Silencing Squeaky Shoes with Powder

January 10, 2008

I hate when my shoes develop a squeak. It’s annoying and, depending on the sound it makes, potentially embarrassing. The problem arrises when the parts of the shoe rub together as you move; so eliminating the friction between those parts is the obvious solution. I’ve tried oiling the soles of my shoes before and spraying silicone lube around them as well, all to no avail. Then I hit on the answer: powder.

Powders eliminate moisture and rubbing, and they will never absorb into the shoe itself. They are lubricating, yet dry. Inner tubes, latex gloves, shower curtains, and all kinds sticky plastics come coated with powder, after all. So when one of my shoes develops a squeak, I dust powder all around the inside, but more importantly, onto the edges of the tongue, which is where most noises seem to be made.

What kind of powder to use? I already have medicated body powder; so that’s what I use. But baby powder, talcum powder, or even flour would probably work fine. (The powder on most plastics is actually cornstarch.)

Another quick tip: I poured my medicated powder into an old sock then tied a knot in the end to make a convenient, homemade powder puffdispenser, which delivers a controlled dusting directly to the surface rather than into the air.

Experiment: Waterproofing Leather Boots with Wax

January 10, 2008

What: Experiment – Waterproofing old, worn, leather boots with leftover candle wax. Please note: This was not an unmitigated success. Read about the results at the bottom of this entry, or click the thumbnail just below to see before & after pictures.

Boots - Before & After

Why: I’ve found that biking (and walking, of course) in leather boots keeps my feet a lot dryer than sneakers, plus, they look better with regular street clothes when I get to my destination. Luckily, I already have the perfect thing for the job — a pair of 22 year-old army boots, which I’ve had so long that my feet are a full size larger now. I bought them brand new from a PX and have more than gotten my money’s worth. They’ve been resoled twice but never once been polished; I like the broken-in look. Unfortunately that also makes them especally susceptible to water damage.

I haven’t actually worn these particular boots in years now. The leather had become too squeaky; the soles were not tall enough to avoid Portland’s puddles; and though well stretched out, they were, after all, the wrong size. However, my regular boots didn’t fit well in my bike’s toe cage; so I decided to resuscitate these old things. They’ve still got a lot of life left in ’em… and to think I almost threw them out last summer!

Considerations: I studied up on waterproofing leather. Most of the info out there is produced by manufacturers, but I found a very informative page on Boot Care at American Scouting Digest. The gist of the matter is that oils are bad and waxes are good. (Silicone is so-so.)


    Oils clog the leather’s pores which reduces breathability.
    Oils will eventually soak through to your socks, causing stains.
    Animal fats go rancid and deteriorate leather.
    Oils soften leather eventually causing heel and toe box collapse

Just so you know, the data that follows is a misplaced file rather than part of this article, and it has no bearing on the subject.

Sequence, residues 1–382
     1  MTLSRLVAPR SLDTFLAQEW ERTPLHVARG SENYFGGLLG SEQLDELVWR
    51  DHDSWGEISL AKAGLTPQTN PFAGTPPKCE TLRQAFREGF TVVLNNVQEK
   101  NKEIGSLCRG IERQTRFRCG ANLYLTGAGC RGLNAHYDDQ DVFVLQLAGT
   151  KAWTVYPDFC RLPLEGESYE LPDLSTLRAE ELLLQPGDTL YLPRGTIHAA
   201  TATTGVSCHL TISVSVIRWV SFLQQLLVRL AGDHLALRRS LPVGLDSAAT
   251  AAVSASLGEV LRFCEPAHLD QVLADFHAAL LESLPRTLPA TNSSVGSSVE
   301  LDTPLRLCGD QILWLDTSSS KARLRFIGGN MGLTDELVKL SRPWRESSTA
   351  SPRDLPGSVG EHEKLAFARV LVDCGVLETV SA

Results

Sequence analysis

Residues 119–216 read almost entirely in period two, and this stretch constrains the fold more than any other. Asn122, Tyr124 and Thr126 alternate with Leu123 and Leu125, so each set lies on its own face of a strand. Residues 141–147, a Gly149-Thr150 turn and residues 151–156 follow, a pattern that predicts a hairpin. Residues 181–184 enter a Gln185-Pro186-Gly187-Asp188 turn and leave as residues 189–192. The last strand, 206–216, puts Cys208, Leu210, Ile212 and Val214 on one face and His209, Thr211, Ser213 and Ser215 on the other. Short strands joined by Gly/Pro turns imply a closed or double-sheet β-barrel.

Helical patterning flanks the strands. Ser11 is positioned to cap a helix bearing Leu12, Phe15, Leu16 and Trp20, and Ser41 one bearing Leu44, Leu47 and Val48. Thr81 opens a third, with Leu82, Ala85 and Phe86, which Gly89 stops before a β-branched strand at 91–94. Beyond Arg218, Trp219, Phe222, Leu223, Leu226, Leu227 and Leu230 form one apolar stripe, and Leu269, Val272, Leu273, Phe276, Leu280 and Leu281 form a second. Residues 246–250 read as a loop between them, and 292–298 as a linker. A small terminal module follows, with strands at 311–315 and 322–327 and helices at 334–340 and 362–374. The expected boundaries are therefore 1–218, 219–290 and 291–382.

Wax is a non-absorbing surface treatment and will not soak through.
    Wax will not clog the leather’s pores. It remains fully breathable.
    Wax does not affect the breathability of Gore-tex components.
    Wax does not soften leather.

The one real drawback to wax is that it must be reapplied from time to time.

Beeswax is the ne plus ultra of leather conditioners. It has a very high melting point, which resists body heat better. Parrafin wax, on the other hand, has a slightly lower melting point (though it varies), but is more readily available. It’s what ordinary candles are made of; so if you have some melted candle wax bits, you already own a good leather conditioner.

What I Did:
1. First, I made sure the boots were clean and dry. Every little patch of dust I missed made the wax crackle and pill into a white mess.
2. I simply melted a chunk of candle (parrafin) wax (could use or beeswax) in an old pan. It was pretty fast and began to smoke quickly; so be careful to remove the pan from the heat before everything is completely melted.
3. I placed the boots themselves in a warm oven that had been pre-heated to the lowest possible temperature and then turned off. I left them in only very briefly. Please note: Some shoe glues will come loose in even low heat. Be sure to just warm up the surface!
4. After removing a boot from the oven, I dabbed wax onto the leather surface with a cloth. When it had cooled, I buffed off the excess with something abrasive. Cloth is not very effective, but a kitchen scrubber or steel wool works better. Ultimately, you’ll be using your thumbnail a lot to get larger chunks.


Boots - Before & After

Results: Mixed. While application was quick & easy and the boots do indeed seem quite waterproof, they also have a rather waxy looking finish. There’s lots of white crackling and flaky bits. Also, my efforts to remove excess wax for aesthetic reasons were a pain — very difficult and time consuming. Polishing the boots might actually make a difference here. According to what I’ve read, polishes contain wax; so this treatment will not affect results.

If there’s anything to add at a later date as to how the treatment stood up to the elements, I’ll be sure to leave a comment.